I have often wondered how much I might have achieved if my personal circumstances had been different. By different, I mean better, in the sense of having the freedom to make better decisions about preparing for the future, whatever it might hold. I imagine myself as a fit, 50-something woman with a knowledge of bush craft, a seasoned firearms expert able to hit targets on the run, and a keen homesteader with full expertise in herbal medicine and food storage. I would be the ‘’head honcho”, leader of the pack, with sound plans for neighborhood defense, communications, and top notch skills in preventing home invasions. I still daydream about holding a sniper position on the roof of my side split mid-century home whilst organizing rear cover positions held by my husband and two daughters. I guess everyone has their fantasy. However, that is not my life.
My life, in a thumbnail sketch, does not in any way resemble the above description. I would like to be healthy; as a matter of fact, I have spent the last five years with a personal trainer at the gym and at home strengthening my core, building stamina, and trying to work out old injuries acquired during my over thirty year stint as an acute care nurse. I would like to say that it was money well spent, but the jury is still out on that one, as the chronic pain is still with me. I could say that the arthritis has been a challenge. During the summer months, it seems as though it has been cured, but when it returns in the dark days of winter, I believe I have been transformed into my father, which leads me to another stumbling block on my road to prepper excellence– looking after an aging parent. I have always been prepared (sorry for the pun) for the future role of caring for my aging parents and, indeed, carried out that duty for my mother until she passed away from cancer some years ago. Then I still had my father living with us, who, for all intents and purposes was still a very active and healthy man of eighty-five, who contributed his time and efforts to the family unit, mowing lawns, sweeping driveways, shoveling snow, and taking our daughters to their various classes. A catastrophic accident seven years ago changed all that, and since his accident he has slowly lost a lot of his vitality and ability. I guess it may have also come with the territory of aging, as he reaches his ninety-sixth birthday next month. I should be delighted that he is still able to go out for daily walks and wash and dress himself, albeit very, very slowly. If circumstances were different, I would have that sweet resignation of having my elderly father at home with us in the heart of his family as his life draws into the twilight years. That is not how it is. I am the full-time care giver who is tied to the house Monday through Friday with only weekends free to work at my professional job. It might be called going from the frying pan into the fire, but just getting out of the house to mix with the general public is a rest of sorts. I have managed to get a coveted membership with my local gun club, but being stuck in the house during the week and working on the weekends, I have yet to enjoy the privilege of gaining some mastery of my poor rifle and signing off on my 10 required “safe” practices in order to be a full, card-carrying member. So, I turn my thoughts to planning and am still yet to decide upon bugging in or bugging out. Which is better? What are the drawbacks of each? How can I include everyone if everyone doesn’t want to be included? Where would we go? There are many questions. Yet, even still, if it were only a case of looking after an elderly father, I might have found some way of including him in a bug-out plan, visualizing some rudimentary travois cobbled together by my long-suffering husband, but no. It is always so much more than that. After all, we are more than the sum of our parts, and even if we weren’t, at least those of us with 100% of our parts intact would stand a better chance of making lemonade out of the lemons we have been dealt.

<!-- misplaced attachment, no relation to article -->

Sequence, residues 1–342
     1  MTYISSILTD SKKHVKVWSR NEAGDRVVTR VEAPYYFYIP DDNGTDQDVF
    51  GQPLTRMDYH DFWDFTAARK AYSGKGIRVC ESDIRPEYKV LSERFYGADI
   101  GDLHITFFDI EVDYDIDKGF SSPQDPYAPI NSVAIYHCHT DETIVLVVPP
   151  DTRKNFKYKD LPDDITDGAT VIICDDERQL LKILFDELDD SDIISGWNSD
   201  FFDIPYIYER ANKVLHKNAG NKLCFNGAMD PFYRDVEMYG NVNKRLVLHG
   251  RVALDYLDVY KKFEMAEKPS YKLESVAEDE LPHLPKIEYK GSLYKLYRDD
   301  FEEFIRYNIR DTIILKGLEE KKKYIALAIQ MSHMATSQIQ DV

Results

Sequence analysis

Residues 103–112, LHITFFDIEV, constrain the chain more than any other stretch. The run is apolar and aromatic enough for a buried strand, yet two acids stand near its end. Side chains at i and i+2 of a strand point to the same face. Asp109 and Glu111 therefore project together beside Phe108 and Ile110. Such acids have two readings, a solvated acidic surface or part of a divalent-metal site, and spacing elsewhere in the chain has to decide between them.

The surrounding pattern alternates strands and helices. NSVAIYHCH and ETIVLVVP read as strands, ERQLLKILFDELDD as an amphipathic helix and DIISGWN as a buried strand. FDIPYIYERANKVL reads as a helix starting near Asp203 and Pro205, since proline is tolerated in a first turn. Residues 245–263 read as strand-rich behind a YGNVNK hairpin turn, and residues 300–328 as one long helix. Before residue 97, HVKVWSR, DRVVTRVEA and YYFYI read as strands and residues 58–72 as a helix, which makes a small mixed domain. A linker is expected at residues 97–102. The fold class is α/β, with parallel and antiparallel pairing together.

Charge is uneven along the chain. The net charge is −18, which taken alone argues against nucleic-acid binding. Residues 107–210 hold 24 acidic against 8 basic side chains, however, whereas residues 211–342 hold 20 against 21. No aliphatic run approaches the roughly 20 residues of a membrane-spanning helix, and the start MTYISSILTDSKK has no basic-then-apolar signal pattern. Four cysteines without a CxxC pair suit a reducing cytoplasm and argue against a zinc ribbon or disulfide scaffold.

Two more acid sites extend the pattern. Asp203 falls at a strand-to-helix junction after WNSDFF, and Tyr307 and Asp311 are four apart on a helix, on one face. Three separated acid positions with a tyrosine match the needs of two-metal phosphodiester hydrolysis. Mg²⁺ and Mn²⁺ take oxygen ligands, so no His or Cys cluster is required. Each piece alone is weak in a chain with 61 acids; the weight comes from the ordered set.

My major stumbling block is the euphemistically termed “better half”. I have to admit that he has been my special prepping project for the last seven or eight years, and at times it has seemed as though progress was being made. However, it only takes one moment or one slip of the tongue for that promise to dissipate like the early morning mist rising over the local pond in the summer. I would characterize his progress as a one step forward, three steps backward saga. I remember when I first introduced the possibility of preparing for various scenarios and he rolled his eyes and became almost hostile. Well, okay, he was not almost hostile; he was definitely hostile. A lot of hand gesturing and jerking of the chin and various negative comments were spat out in my general direction. My children looked on with amusement and wisely said nothing, though, to be sure, the snickers were heard coming from their respective bedrooms behind closed doors. With much cajoling and presentation of evidence of people who had suffered through earthquakes and hurricanes and were left unprepared in the winter ice storms, I managed to get him to agree to the purchase of five cases of freeze-dried meals from a nationally-known supplier. They took pride of place in my closet. My husband rolled his eyes a few more times. What I felt was not satisfaction or even relief but a rush of adrenalin as I realized that this was just the beginning, the opening notes of a song I was going to be singing for a long, long time. Needless to say, I didn’t mention this feeling to my husband. He shut the closet door and felt like he had done his part in preparing, in condescending to my paranoia, and to his nurturing paternal side that always seeks to “keep the wife happy”. I was on to his psychology, but I don’t think he was aware of mine, which in hindsight was a good thing. So, over the years I read articles, followed websites dedicated to prepping, joined forums, listened to alternative news programs, scanned youtube for apocalyptic prophecies and doomsday warnings, and began to follow the economic analysts and the gold markets. I was swimming in a sea of information, and it took me a long time to filter out the rubbish and find the good stuff. After a while, I developed a sense of what my family’s needs were and the gaps that needed filling. I learned about canning and long-term storage of food. I learned which things keep best and which need to be rotated. I learned to store short-term, medium-term, and long-term food and the quantity of toilet paper that would keep us happy for three years or more. I stocked bartering items that I thought would be useful in a post-apocalyptic society. I learned how to make candles and stocked supplies of wicks and wax. I learned that multiple redundancies was not about labor shortage or unemployment but was the golden rule for storing water and light and heating supplies. I complied with the golden rule, and again a wave of adrenalin rushed through me as I conquered each. I kept up the incessant information overload in my husband’s ear, hoping to win him over to my side– the side of light and learning. He did a lot of sighing and increased his time at his work bench, but he did not capitulate mentally, though he did help me rotate stock and did put in six rain barrels outside the house with a water collection system off the shed roof and installed a solar light inside the shed. Finally, after about four years, I had a breakthrough. My husband declared that he was going to build raised beds for vegetable gardening. It was easy to slip in the non-GMO, non-hybrid survival seeds into my next order. He seemed impressed and helped me plant them. That first summer we had our own vegetables. Hurray! Victory! I wish I could have said the same for the quality of the vegetables. Apparently, gardening is an art that requires patience and experience. I experienced yet another stumbling block to preparedness. This was going to take time and effort. I had chalked up another challenge just like my husband. Fast forward four years, and we are at a crossroads. My husband has changed jobs and now finds himself in the company of ex-police, ex-service, gun-carrying, deer hunting folk who seem to have taken up my standard and won the battle for me. Where he was once cynical, resistant, and overtly hostile to the preparedness lifestyle, he now is a great proponent of and possibly even a secret follower of the same. He has even declared a desire to get his firearms registration and join the range with me. It is hardly possible to believe, but I thank the men for their quiet example in doing what I could not do through argument and cajoling. Personally, it doesn’t really matter how he came to the conclusion that preparedness was prudent, only that he came to the conclusion. That’s enough said on that subject.